Before Facebook opened its social network to anyone on the Internet, the platform was limited to college students.
And now, it seems, Facebook is returning to its campus roots.
Today, the social-networking giant unveiled “Groups for Schools,” a college-centric feature that is restricted to users with active .edu e-mail addresses. The feature lets college students create groups for their dorms, majors, or even parties that they’re planning.
Each institution has a main hub, where visitors can search through the groups at their colleges and create new ones. The groups come in three flavors: open, which are available to anyone in that college’s community, closed, which are limited to private members, and secret, which can be viewed only by members.
The extra layer of community means that college students who are worried about their statuses and photos reaching relatives or potential employers will have a digital buffer that keeps sensitive material a little more private.
And in an effort to create groups that look a little more like study sessions, Facebook added a feature called “Files” to its college groups. It lets users share lecture notes, assignments, and schedules, with a maximum upload size of 25 megabytes.
Michael Staton, a founder of Inigral, said he isn’t worried that Facebook’s new feature will ruin the value of his company, which created a Facebook application that offers private social networks for colleges. He says he first heard of Facebook’s plans for this new feature about four months ago, when he learned that the company was testing it.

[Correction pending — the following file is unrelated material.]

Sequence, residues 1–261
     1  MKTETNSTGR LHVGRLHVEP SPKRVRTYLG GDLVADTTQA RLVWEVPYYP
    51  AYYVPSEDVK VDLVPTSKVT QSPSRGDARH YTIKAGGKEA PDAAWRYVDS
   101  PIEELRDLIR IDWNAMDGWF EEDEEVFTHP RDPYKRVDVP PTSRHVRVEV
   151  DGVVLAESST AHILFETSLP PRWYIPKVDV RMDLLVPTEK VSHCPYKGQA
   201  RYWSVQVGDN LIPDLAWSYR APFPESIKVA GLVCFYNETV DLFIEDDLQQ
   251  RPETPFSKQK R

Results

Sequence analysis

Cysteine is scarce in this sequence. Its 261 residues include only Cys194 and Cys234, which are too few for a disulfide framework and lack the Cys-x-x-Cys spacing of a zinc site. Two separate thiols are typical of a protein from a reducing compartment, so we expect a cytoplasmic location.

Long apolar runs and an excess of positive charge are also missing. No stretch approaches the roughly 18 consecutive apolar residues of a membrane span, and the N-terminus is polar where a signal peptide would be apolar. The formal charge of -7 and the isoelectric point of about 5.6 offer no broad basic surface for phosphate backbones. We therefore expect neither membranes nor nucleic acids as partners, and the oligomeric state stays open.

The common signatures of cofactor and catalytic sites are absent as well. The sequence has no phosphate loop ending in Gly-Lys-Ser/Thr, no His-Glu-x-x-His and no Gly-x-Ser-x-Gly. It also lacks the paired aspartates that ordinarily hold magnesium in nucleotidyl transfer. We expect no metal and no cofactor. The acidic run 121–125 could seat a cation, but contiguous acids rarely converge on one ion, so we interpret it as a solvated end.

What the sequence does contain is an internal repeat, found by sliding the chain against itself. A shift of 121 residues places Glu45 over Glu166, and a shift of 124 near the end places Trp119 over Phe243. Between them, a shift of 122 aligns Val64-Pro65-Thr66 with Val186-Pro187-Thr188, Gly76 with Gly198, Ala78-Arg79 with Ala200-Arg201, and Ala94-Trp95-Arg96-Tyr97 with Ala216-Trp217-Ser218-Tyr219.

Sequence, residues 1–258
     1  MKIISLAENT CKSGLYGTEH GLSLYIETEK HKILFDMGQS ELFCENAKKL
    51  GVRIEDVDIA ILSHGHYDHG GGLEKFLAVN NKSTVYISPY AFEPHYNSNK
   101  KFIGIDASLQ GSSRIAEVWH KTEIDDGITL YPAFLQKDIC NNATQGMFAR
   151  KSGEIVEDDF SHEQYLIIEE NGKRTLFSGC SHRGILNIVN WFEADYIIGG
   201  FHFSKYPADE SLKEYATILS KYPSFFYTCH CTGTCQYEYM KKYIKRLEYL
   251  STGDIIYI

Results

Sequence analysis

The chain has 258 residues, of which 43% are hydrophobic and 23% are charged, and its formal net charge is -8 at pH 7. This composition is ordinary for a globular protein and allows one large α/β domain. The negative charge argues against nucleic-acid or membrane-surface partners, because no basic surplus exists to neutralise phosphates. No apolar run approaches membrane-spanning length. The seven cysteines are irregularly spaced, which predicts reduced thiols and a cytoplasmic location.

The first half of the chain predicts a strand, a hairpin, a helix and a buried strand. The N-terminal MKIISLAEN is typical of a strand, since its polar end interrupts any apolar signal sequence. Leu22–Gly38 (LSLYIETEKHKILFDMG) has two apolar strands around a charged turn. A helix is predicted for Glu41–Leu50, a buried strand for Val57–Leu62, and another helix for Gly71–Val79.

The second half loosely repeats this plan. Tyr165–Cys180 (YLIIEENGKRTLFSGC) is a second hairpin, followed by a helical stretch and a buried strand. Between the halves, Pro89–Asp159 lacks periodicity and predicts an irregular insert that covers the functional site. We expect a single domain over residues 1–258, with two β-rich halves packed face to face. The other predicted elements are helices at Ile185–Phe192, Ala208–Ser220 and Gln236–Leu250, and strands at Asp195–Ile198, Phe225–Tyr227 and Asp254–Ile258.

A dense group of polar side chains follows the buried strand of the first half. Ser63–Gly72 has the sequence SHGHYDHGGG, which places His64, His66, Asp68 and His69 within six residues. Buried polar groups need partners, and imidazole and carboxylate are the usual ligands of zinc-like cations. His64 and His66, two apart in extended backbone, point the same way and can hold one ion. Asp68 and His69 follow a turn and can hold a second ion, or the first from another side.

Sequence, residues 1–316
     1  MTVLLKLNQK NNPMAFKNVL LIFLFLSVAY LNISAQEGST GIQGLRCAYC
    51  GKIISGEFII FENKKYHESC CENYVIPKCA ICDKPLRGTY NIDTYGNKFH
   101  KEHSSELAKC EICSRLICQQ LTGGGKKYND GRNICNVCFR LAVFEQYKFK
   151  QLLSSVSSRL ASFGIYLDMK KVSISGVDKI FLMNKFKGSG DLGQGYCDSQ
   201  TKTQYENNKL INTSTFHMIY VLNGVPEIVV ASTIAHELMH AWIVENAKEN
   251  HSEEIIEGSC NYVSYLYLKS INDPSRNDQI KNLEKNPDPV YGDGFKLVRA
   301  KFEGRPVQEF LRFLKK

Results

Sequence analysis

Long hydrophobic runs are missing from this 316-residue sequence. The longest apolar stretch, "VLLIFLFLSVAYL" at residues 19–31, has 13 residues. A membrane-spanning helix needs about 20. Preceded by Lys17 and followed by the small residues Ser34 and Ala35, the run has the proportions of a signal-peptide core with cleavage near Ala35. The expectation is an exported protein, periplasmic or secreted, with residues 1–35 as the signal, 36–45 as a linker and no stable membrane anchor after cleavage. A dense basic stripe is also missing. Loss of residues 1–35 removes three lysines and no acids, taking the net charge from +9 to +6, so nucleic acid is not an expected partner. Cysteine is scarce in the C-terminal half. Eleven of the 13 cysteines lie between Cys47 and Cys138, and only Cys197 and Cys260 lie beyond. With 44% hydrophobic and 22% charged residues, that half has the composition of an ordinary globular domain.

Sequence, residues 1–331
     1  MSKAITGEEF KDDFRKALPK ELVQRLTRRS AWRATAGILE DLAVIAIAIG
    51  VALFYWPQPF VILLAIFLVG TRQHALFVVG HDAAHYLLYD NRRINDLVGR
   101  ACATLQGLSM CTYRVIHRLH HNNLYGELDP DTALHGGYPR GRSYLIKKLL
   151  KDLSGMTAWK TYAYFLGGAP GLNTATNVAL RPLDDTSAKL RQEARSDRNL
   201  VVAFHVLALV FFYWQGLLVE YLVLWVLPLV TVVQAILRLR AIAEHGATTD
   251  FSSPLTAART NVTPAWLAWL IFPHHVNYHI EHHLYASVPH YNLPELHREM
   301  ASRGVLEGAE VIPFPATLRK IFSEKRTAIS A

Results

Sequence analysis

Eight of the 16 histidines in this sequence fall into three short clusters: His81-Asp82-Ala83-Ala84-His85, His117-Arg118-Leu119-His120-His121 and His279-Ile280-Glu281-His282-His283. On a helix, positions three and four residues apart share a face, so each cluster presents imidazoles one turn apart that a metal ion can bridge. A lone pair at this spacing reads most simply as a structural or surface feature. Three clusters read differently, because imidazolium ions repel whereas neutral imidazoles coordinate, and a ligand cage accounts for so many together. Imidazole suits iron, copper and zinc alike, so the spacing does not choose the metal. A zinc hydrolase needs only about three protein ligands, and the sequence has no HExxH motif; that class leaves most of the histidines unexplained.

He acknowledges being frustrated that Facebook isn’t more proactive in engaging with its developer community. But he says the new feature is good for his company in the long run. He says it validates Inigral’s college-specific focus and lets the company concentrate its resources on building additional features for colleges instead of sinking money into building basic network features like walls.
“Facebook is basically doing a lot of the work for us to get students to communicate,” he says. “And then we can focus on translating what those communications mean, what schools should think about it, and how they should engage with the students that are using those communication tools.”
A spokesperson for Facebook said the company did not have any more details to share about the feature’s introduction.Return to Top